Like many African Americans of his generation, John “Peter” Chatman – better known as Memphis Slim – was forged by the fires of racism and poverty, only to emerge as one of the world’s greatest blues pianists.

An extraordinarily prolific artist who created over 500 recordings during his lifetime, Chatman used his soulful voice and booming piano to bring an imposing air of authority to his unique brand of music and was instrumental in bridging the gap between traditional and urban blues.

Born in Memphis in 1915, Chatman was exposed to the blues at a very young age by his family, whose members were some of the earliest blues musicians in the Mississippi Delta. His father Peter Chatman led a group called the Washboard Band, which featured the influential blues pianist Roosevelt Sykes. Inspired by Sykes, the young Chatman began to teach himself the piano and was soon touring in juke joints and dancehalls throughout the Southeast. According to Chatman, these excursions allowed him to gain the experiences that would soon go into his voluminous collection of songs.

Memphis Slim relaxes at the Holiday Inn Rivermont, downtown Memphis, before a 1978 concert

© 2015 Center for Southern Folklore Archives, Photo By Judy Peiser

In 1939, Chatman, like many great blues musicians before and after him, moved to Chicago to join the vibrant local music scene. He quickly found himself in company with some of the city’s most well-respected blues musicians, most notably guitarist Big Bill Broonzy and harmonica player “Sonny Boy” Williamson. As homage to his father, Chatman soon began recording with Okeh Records under the name Peter Chatman before moving to the legendary Bluebird Records in 1940. With a suggestion from Bluebird producer Lester Melrose, Chatman began performing under the name Memphis Slim.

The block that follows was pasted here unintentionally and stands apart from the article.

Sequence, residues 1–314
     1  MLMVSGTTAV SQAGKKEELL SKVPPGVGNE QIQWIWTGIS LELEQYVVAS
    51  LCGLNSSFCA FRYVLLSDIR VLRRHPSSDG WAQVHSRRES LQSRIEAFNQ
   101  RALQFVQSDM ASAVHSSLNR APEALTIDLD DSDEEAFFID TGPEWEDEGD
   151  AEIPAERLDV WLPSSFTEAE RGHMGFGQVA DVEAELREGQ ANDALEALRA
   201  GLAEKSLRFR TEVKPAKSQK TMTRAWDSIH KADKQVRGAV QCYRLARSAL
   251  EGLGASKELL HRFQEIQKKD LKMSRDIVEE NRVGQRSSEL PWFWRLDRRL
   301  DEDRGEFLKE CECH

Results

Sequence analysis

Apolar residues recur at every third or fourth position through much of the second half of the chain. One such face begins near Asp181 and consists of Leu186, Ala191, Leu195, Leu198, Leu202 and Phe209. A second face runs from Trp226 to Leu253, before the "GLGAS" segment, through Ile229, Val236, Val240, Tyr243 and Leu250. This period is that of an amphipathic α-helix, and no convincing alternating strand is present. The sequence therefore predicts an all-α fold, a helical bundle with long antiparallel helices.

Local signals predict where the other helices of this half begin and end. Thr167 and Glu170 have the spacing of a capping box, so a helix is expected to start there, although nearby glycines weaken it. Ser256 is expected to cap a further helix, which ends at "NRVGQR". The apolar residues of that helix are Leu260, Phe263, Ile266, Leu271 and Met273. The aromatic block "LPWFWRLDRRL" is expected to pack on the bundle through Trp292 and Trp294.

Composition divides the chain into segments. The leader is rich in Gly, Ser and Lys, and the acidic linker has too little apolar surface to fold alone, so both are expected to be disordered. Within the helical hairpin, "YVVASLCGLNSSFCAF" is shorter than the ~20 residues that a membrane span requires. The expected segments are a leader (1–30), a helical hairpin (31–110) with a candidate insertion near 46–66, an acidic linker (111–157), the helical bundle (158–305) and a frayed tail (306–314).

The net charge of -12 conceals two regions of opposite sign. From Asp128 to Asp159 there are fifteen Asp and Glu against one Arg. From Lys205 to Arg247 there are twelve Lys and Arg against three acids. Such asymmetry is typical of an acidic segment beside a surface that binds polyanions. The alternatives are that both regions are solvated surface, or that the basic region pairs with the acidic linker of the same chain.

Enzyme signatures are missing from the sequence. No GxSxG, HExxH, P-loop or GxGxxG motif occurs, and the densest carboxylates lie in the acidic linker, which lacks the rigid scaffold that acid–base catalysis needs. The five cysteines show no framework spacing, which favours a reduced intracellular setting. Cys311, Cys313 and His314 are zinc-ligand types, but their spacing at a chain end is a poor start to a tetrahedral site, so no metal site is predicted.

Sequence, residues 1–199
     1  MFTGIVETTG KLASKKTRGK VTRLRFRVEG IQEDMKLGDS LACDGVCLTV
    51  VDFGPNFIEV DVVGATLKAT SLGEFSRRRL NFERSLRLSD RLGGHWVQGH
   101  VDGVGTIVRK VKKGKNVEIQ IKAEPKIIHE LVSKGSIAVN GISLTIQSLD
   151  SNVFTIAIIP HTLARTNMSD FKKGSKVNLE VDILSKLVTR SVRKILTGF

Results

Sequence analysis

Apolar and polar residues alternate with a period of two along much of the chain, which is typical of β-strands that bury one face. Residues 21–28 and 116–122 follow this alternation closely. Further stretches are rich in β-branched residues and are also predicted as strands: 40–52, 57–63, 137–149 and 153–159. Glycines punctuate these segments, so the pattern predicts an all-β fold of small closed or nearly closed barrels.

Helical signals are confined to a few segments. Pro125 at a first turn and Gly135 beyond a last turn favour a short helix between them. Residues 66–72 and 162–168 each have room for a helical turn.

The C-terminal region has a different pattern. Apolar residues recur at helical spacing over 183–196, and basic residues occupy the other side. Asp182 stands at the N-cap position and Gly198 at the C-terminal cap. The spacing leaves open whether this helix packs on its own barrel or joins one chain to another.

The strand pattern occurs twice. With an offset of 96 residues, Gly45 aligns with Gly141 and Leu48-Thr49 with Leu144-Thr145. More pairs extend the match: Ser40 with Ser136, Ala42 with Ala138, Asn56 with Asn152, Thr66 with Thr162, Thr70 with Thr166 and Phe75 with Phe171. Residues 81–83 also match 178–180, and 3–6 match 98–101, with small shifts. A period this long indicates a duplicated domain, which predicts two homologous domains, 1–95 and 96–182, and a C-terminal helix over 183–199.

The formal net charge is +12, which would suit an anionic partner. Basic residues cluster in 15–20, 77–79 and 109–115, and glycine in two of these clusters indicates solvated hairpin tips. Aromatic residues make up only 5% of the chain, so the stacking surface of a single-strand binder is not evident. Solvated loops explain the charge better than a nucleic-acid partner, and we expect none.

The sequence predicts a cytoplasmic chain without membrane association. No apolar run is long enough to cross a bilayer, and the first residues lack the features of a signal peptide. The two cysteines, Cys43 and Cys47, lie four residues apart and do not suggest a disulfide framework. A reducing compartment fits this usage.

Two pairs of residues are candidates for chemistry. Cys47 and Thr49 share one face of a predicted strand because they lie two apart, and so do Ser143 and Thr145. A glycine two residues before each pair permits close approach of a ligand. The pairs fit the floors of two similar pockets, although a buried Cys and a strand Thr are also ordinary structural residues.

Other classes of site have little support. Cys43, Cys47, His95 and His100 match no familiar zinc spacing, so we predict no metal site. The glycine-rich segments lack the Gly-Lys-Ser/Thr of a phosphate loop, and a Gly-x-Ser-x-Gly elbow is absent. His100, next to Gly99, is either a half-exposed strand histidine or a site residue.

At Bluebird, Memphis Slim released his first hit single “Beer Drinkin’ Woman” and was a regular session musician for the likes of Sonny Boy Williamson and Jazz Gillum. Many of his performances were with Big Bill Broonzy, who had recruited him to fill in for his recently-deceased piano player.

Promotional postcard for the Big Bill trio, (l-r) Bill Gaither, Slim and Willie Broonzy

Under Broonzy’s guidance, Slim was encouraged to develop his own style and to stop emulating his early idol Roosevelt Sykes. And develop his own style he did. Characterized by a dynamic beat and incessant bass, Memphis Slim would punish the keys and sing with his thunderous voice, using the skills that he had picked up while playing at boisterous clubs earlier in his career.

After several years of serving as Broonzy's priceless accompanist, Memphis Slim began his own band following the end of WWII. The band, called the House Rockers, reflected the national craze for jump-blues and included saxophone, bass, drums, and, of course, piano. With his band in tow, Memphis Slim moved to Lee Egalnick's Miracle label in 1946 and began cutting some of his most influential and enduring recordings. While songs such as "Rockin' the House," "Messin' Around," and "Angel Child" all became hits for Slim, others like "Nobody Loves Me" (more popularly known under the title "Everyday I Have the Blues") became blues standards and huge hits for later artists like B.B. King.

Another dynamic shift in Slim's sound came with the addition of Matt "Guitar" Murphy, a guitarist who had previously played with Howlin' Wolf. The addition of Murphy in 1952 added a balancing counterpoint to Slim's thunderous vocals and a new dimension to the band's sound. Throughout the 1950s, Memphis Slim also collaborated often with bassist Willie Dixon, another prolific blues musician of the day.